One of the most impressive additions was the saltwater swimming pool with water pumped in from the Stono River, first to a purification system and then to a heating system for warming to a desired temperature. The pool house was set amid several acres of gardens noted for stands of camellias, azaleas, and live oaks. It was also on these grounds that Victor created a place to indulge his passion for cactus.

The Cactus Garden

A horticulture hobbyist, Victor had a fascination with cacti and may have been the foremost collector of them in the world at the time. He traveled regularly to obtain specimens and had them delivered by rail from the Southwest. Wrote The News & Courier in 1939, “Some of these giants are more than 1,000 years old…. he had scores of varieties, some of which bloom only at night. The cactus garden was one of the sights shown to visitors to the place, which had become famous for the hospitality of its owners.”

In truth, it was only because of Victor’s unlimited means that the garden thrived. The humid climate was totally unsuitable for cacti, which prefer arid conditions. Thus, they had to be continually replaced. Still, in its heyday, the garden was a matchless, if not unusual, centerpiece of the Fenwick Hall grounds.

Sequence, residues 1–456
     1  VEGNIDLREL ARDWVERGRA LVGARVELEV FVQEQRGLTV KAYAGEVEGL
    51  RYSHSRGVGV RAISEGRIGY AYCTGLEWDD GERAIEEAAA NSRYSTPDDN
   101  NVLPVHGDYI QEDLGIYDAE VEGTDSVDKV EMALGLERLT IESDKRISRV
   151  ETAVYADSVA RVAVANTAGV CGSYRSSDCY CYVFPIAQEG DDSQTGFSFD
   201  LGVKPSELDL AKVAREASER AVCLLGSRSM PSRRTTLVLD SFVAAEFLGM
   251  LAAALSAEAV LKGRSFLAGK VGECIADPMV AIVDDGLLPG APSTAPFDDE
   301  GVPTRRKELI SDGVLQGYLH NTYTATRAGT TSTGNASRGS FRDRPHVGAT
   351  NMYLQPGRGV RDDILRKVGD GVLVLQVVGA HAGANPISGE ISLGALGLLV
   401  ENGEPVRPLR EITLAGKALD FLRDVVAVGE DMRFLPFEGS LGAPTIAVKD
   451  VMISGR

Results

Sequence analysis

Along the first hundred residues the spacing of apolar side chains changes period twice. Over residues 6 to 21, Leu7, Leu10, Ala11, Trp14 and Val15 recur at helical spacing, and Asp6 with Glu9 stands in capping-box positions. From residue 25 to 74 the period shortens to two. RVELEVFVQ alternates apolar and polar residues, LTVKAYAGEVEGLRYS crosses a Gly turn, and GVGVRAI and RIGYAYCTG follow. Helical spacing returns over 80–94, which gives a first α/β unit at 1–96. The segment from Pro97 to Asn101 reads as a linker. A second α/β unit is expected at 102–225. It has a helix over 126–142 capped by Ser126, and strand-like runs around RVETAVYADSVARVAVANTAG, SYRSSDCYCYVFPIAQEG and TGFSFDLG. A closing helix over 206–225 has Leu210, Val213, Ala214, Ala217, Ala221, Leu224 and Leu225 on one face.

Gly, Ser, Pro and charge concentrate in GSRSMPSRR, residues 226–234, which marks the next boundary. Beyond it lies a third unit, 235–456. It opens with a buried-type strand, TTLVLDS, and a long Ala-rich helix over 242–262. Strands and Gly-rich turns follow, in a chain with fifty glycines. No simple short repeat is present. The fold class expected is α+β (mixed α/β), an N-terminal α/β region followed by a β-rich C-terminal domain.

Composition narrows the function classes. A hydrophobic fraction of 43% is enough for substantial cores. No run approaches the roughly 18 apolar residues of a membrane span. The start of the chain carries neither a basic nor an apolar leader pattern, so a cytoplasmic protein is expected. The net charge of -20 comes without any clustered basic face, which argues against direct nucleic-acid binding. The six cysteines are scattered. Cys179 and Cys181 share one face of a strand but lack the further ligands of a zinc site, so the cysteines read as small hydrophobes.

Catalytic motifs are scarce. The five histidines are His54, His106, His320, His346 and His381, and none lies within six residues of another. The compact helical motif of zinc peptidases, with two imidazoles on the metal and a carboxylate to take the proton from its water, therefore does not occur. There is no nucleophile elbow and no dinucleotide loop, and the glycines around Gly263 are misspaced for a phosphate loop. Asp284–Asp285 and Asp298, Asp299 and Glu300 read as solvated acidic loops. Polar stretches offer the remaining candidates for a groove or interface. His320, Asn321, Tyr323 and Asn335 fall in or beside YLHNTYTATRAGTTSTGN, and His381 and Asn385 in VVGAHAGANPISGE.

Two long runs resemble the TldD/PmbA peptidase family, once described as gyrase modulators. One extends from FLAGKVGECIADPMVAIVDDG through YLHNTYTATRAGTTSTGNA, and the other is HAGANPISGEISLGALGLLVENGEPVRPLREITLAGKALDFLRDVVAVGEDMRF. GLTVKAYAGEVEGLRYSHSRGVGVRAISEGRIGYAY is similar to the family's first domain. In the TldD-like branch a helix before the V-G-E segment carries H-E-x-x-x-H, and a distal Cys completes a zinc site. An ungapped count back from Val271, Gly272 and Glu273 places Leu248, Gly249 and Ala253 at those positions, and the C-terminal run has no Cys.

Victor’s love of plants tendriled into other areas. He was a friend and backer of Prince Matchabelli, the perfume maker, and at one time suggested that Charleston would be a good place to raise shrubs, flowers, and other plants for his essential oils. While that idea never came to fruition, another outstanding endeavor did. As early as 1931, Victor had bemoaned the lack of trees along the highways leading into town. He suggested that some organization might begin a movement to line the roads with magnolias. In 1935, Victor took on the task himself and had 200 planted along Maybank Highway where it runs through the municipal golf course. “He wished to assure an avenue of loveliness for all who pass that way,” wrote The News & Courier in 1938. The magnolias are still there—beautiful reminders of one man’s determination to better the Lowcountry surroundings.